Professor Ernst Splattunfuder has concocted a recipe book for 101 gory ways to dispatch your foes in style. Now he has called on you, hist trusty assistant after an accident at the lab and it’s your job to rebuild ‘101 Ways to Die’/
Thankfully Prof. Splattunfuder has a horde of lab created mutants known as splatts who know only one thing, to head for the red exit.
Very similar to the retro classic Lemmings, the Splatts will spawn and head straight for the red exit, Unlike the loveable green haired Lemmings the Splatts are a little more intelligent and will run away from danger, jump of gaps, climb ledges and eat cake. But rather than helping them escape, you’ll need to dispatch of them in the most creative ways possible.
After the initial tutorial levels, you’ll find five areas each with 10 maps to challenge your Splatt-splatting wits. Each map has a set number of challenges which are both required and optional, You can scrape through a level by simply fulfilling the primary objectives, but to get the full 3 stars, you’ll need to meet at least some of the optional tasks as well.
Obviously the majority of the challenges revolve around limiting what Splatts escape, and dispatching of them in the most creative ways.
Some maps have a single entry and exit point, while others have multiple, using the pre-allocated number of traps and items, you will initially be tasked with simple challenges such as killing two Spallts using a spike or lava pit. A little later, and you’ll have pinball style bumpers to bounce Splatts a short distance and combo’s will soon be bouncing Splatts across areas to reach their demise.
With bumpers, pressure pads, slime, canons, spike pits, giant metal boulders, and many more ways to maim, you’ll quickly be dispatching of the mutants and unlocking other types, such as the slow & heavy Tank Splatt, or the fast, agile and light ‘Rapid’ Splatt.
You’ll need to aim for 3 stars more often than not as levels and new areas are locked dependent on the amount of stars you unlock, I found the first area ‘Basement’ easy enough and quickly racked up 28 stars from a possible 30, returning to a few levels for 10 minutes to finally receive the full 3 stars for each map.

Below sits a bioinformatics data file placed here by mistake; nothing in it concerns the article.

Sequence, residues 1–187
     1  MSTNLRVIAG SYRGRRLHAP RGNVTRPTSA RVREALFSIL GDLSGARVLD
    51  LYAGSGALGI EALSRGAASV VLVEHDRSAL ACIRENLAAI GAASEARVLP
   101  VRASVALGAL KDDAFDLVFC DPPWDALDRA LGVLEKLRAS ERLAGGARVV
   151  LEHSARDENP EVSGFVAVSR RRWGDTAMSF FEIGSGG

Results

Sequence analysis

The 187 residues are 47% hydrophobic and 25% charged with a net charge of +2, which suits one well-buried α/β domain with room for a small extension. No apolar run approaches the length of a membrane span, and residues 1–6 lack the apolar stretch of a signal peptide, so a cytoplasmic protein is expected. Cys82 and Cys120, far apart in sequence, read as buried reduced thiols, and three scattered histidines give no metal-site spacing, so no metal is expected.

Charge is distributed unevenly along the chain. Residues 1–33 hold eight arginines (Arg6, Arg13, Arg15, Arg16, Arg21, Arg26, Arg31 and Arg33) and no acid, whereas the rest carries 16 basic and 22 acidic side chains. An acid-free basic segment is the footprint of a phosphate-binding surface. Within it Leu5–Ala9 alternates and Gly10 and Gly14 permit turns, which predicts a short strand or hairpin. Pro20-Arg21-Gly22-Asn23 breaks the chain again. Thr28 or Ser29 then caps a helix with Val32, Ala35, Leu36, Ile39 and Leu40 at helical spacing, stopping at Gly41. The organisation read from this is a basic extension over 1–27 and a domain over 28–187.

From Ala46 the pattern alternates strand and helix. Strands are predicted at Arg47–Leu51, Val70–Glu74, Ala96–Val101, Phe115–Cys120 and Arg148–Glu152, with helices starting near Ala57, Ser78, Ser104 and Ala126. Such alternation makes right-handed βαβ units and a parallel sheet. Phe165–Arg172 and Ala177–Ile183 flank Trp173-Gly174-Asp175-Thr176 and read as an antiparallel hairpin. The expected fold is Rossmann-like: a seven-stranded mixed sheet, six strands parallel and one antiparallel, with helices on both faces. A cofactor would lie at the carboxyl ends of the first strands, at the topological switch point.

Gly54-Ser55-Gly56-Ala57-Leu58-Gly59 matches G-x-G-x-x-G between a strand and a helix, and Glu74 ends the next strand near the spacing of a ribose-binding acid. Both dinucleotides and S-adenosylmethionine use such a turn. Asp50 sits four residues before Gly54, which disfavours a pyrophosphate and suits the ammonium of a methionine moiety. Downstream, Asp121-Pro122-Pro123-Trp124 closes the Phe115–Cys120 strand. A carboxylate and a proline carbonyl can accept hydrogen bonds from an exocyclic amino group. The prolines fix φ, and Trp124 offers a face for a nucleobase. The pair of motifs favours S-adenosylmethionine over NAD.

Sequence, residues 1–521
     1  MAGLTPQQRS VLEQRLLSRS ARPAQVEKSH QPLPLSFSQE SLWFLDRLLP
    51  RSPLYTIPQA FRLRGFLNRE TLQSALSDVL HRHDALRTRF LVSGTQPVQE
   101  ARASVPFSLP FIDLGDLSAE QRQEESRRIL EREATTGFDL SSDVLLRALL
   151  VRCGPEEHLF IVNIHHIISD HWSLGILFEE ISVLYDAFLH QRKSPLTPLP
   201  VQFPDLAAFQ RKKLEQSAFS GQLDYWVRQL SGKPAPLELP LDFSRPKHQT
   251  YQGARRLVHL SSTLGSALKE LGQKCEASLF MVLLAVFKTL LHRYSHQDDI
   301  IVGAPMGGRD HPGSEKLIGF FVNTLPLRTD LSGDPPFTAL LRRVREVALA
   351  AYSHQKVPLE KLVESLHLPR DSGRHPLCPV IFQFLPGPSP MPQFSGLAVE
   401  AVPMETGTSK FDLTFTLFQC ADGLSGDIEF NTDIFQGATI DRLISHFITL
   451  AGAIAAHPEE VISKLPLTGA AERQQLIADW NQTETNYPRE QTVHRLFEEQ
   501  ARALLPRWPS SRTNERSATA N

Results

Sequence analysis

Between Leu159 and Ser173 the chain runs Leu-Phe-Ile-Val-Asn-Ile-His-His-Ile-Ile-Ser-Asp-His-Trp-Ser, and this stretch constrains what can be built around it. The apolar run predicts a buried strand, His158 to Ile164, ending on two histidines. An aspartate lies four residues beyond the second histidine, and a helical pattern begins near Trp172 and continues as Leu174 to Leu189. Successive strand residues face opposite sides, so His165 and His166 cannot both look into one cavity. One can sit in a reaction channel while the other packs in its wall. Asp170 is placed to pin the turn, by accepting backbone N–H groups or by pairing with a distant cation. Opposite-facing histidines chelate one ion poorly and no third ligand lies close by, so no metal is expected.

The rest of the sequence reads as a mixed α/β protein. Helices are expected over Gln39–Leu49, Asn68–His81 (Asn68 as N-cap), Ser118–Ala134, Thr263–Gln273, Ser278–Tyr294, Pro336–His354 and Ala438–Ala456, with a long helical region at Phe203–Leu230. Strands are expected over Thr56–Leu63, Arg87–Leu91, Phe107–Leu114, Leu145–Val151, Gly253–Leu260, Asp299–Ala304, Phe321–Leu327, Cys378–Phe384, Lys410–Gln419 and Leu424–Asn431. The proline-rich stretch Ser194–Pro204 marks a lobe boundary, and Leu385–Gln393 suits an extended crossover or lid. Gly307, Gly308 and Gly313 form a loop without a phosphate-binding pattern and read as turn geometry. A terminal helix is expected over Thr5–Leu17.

With over fifty levels in total, it’s a pleasant learning curve to know you’re not thrown in at the deep end, and while things certainly get alot tougher towards the latter stages, there’s enough fun and challenges to keep you going.
You’ll also find leaderboards for each level which will rank you on the points you’ve picked up, every time a Splatt jumps or performs an action you’ll get a few points, but the bulk is built up from extravagant kills and combo’s.
There’s certainly lots of scope too. Sure you’ll have guidelines on what to accomplish, and while some might seem tricky, you can utilize the environment, tools allocated and sometimes the Splatt’s own free-will along with a little luck to complete a mission in many different ways. This gives fantastic reason to explore, experiment and to enjoy rather than simply playing the linear path, and it’s this custom approach that really gives gameplay the shine that made games like Lemmings so popular all those years ago.
Graphically 101 Ways to Die is a mixture of great and not so great, the cartoon appearance is complimented by sharp visuals and plenty of gore with some comical effects for death such as the head of a Splatt dismembering and rolling half way across the map.
To fit everything on screen there’s three levels of zoom, with the wide-angle used for setting up the map, which sadly loses much of the clarity due to the amount of detail on screen. the medium view give a clear, sharp view of what’s going on and great for keeping an eye on a few Splatts at once, and the final close-up view, looks very sharp and fancy but is really only good for viewing a solo kill replay in all it’s gory glory.
Sound effects fit well letting you know what’s been fired, if a Splatt has been impaled by the spikes behind him, or the pleasing thump as the Boulder wrecks another victim, Sadly the background music leaves a little to be desired, though it’s better than nothing at all, which is exactly what I’ve got every time I play, meaning I have to jump into the options menu to to turn up the music each time (Though I’m sure a future patch will fix this).